Is this relentlessly vicious film a satire on humans' capacity for evil, an examination of psychopathy, or a senseless dive into depravity? Probably all of the above. Celebrated auteur Lars von Trier's cinematic skill can't be denied. Pretty much every film he makes is masterfully executed: His scripts, cinematography, casting, editing, and use of music, as well as the performances he elicits are usually very good. Sometimes great. But his fascinations can lead to places most people wouldn't care to go. Perhaps some of that is artistic courage. Perhaps some is morbid obsession. Whatever the engine, the ride is likely more enjoyable for the driver than the passengers. Von Trier's Nymphomaniac Vol. I & II, for instance, were hard-core sex at its most joyless.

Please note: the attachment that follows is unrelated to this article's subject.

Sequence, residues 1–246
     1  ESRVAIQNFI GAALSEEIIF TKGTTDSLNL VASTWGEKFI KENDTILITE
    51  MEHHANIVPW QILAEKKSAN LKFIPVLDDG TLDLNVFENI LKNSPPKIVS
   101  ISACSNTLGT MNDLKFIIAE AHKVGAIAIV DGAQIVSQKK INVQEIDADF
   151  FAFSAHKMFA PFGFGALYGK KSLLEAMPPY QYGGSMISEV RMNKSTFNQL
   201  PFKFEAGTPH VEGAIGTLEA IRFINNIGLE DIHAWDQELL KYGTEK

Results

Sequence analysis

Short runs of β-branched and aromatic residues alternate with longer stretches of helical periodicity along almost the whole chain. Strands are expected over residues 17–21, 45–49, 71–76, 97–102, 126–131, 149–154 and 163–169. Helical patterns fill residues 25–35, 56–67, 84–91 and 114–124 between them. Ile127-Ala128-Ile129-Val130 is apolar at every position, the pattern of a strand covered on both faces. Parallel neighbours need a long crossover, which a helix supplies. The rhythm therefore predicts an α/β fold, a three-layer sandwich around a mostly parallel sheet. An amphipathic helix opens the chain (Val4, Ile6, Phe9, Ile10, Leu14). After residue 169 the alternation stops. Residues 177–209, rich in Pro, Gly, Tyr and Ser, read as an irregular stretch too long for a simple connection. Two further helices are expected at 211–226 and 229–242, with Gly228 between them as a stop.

What audience The House That Jack Built might have beyond an extraordinarily narrow, bloodthirsty niche is hard to say. It's a long (152-minute) parade of savagery. And that's the theatrical version; there's also a director's cut, for those who just can't get enough of graphic, close-up murders. If nothing else, von Trier seems to be enjoying himself -- though it's somewhat upsetting to think about what it means that he could make such a barbaric film that seems almost mischievous. The director even refers to himself in Jack, throwing in clips from his previous films as evidence of human malevolence. He also seems to revel in Jack's sadism, especially toward women. It's probably significant that, though Jack also kills men, it's the women we see tortured and brutalized on-screen. Jack and Verge ramble on about Jack's detachment and ambitions, offering descriptions of his behavior that will ring a bell with readers of Jon Ronson's The Psychopath Test, but they never really delve into him as a person with an origin story. The film is very well made, with solid performances and occasional humor (as when Jack incompetently talks his way into a future victim's house), but it's likely to make most viewers sorry they entered the theater.